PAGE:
Collaborations with singers across borders, performing at the world’s most prestigious venues, and now a footing into playback, Indo-Canadian singer Shweta Subram is enjoying a purple patch in her career. Today, she has became a popular concert name, on both Indian and international frontiers.
Talking about her early beginnings, Shweta says, “I was born and grew up in Dubai until my teenage years. Being an only child, my parents were very determined to make me an all-rounder. So they got me involved in multiple activities like learning Carnatic music, Bharatnatyam, drawing and Bal-vihar (spiritual classes). My mom specially was keen that I learn singing, but only as a hobby. I would hate going to classes as a kid as it took time away from my playing hours!”
After her family moved to Canada, she participated in a North American-wide singing competition organised by Sangam Kala Group and won it — that changed it all and as they say, the rest is history!
How does she stay true to her Indian sensibilities? “Although I lived in Dubai and Canada all my life, my household had everything going to keep me in touch with the Indian culture. My dad would play bhajans every morning, I would partake in activities by Indian organisations and also went to an Indian school in Dubai. It can’t get any more Indian than that, can it?” she laughs.
Shweta’s first big break was when American musical group Piano Guys asked her to feature with them — “The Piano Guys actually contacted me! Steve Sharp Nelson (cello player) called me one day and said they came across my videos and loved my work. It was so amazing to work with them. I am so glad they decided to experiment with Indian music or we wouldn’t have worked together!”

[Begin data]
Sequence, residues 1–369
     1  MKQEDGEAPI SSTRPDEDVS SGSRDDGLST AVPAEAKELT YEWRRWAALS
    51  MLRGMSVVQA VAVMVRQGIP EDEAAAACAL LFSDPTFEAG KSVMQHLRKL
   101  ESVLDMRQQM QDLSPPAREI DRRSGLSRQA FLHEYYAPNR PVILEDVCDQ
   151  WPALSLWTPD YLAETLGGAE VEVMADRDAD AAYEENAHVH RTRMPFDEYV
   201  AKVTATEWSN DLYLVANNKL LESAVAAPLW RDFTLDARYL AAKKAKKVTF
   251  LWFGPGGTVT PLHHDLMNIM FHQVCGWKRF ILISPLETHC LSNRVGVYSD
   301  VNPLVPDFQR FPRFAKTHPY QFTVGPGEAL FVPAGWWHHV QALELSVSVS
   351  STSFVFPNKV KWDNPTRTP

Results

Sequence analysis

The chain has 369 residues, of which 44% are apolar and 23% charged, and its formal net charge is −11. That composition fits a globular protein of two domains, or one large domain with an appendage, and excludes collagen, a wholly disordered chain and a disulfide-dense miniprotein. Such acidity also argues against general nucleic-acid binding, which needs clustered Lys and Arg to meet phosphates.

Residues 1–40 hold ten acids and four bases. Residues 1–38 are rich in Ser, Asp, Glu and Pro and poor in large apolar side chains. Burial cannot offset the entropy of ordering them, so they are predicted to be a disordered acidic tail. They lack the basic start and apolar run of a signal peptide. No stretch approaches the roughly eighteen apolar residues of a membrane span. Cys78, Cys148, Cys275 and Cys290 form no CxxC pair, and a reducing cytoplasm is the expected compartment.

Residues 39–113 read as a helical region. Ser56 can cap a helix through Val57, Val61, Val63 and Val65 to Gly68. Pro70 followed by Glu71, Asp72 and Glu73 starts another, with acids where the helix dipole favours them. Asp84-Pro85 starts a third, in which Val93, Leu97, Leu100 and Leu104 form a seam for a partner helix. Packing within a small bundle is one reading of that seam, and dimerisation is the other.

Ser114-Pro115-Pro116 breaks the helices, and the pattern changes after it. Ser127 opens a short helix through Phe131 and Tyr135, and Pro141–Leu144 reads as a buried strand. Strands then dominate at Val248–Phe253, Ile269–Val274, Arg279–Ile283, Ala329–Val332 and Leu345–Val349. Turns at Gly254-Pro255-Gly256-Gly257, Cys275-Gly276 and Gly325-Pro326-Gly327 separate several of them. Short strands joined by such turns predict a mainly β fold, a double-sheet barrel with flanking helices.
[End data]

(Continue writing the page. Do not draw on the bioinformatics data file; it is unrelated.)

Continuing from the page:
And then of course, playback beckoned. “I was visiting Mumbai early January 2015. A friend of mine, Bharat Goel, is an excellent programmer and has worked on multiple Bollywood films. I was in touch with him and visited his studio one day. He was working on Ayushmann Khurranna’s movie, Hawaizaada and there was a song that needed some female vocals. I dubbed those lines and the entire team loved it!” she recalls, with a smile.
Listing her favourite career memories as performing at the prestigious Carnegie Hall in NY with The Piano Guys, at the IIFA awards with Salim-Sulaiman in Toronto, and at the reception of PM Narendra Modi during his reception in Canada, Shweta concludes with her plans for the future – “I recently lent two of my songs ‘Ajooba’ and ‘Raja’ to Sunny Leone’s documentary ‘ Mostly Sunny’. It is currently aired on Netflix USA and HBO Canada, as well as The Movie Network. I am also working on my own singles Rasiya/Rasigha that is going to be released both in Hindi and Tamil very soon!”